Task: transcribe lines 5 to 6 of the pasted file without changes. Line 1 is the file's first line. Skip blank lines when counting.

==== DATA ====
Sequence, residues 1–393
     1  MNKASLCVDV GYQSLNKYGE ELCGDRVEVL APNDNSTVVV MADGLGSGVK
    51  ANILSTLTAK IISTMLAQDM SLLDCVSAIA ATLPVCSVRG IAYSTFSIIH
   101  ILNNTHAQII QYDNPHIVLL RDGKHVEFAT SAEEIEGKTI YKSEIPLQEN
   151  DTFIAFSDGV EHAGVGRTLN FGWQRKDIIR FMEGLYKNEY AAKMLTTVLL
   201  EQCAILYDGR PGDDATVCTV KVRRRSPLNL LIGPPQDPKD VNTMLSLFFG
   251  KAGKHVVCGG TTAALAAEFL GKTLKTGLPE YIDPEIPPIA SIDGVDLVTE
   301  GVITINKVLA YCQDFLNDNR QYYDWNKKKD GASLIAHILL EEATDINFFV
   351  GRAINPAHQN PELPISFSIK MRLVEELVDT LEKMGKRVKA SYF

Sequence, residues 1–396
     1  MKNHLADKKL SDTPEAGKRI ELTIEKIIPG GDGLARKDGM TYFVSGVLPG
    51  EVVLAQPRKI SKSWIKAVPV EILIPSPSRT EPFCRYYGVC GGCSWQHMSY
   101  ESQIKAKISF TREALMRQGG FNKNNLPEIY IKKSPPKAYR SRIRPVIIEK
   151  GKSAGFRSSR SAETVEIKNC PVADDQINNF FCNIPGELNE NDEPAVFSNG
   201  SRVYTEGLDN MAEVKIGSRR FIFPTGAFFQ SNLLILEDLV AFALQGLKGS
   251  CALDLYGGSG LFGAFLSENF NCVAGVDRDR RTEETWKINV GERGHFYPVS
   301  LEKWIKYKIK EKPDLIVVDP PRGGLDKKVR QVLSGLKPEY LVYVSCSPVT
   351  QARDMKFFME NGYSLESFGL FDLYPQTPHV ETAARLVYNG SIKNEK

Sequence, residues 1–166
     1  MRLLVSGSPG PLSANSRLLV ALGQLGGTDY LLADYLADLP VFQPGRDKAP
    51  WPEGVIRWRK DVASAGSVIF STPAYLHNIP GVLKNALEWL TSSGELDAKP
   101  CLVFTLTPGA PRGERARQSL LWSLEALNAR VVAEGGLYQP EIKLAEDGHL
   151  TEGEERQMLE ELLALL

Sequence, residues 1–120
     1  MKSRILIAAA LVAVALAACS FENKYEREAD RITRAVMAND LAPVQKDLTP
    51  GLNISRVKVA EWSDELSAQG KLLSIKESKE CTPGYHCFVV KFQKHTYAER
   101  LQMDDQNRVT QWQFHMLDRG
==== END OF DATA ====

   151  DTFIAFSDGV EHAGVGRTLN FGWQRKDIIR FMEGLYKNEY AAKMLTTVLL
   201  EQCAILYDGR PGDDATVCTV KVRRRSPLNL LIGPPQDPKD VNTMLSLFFG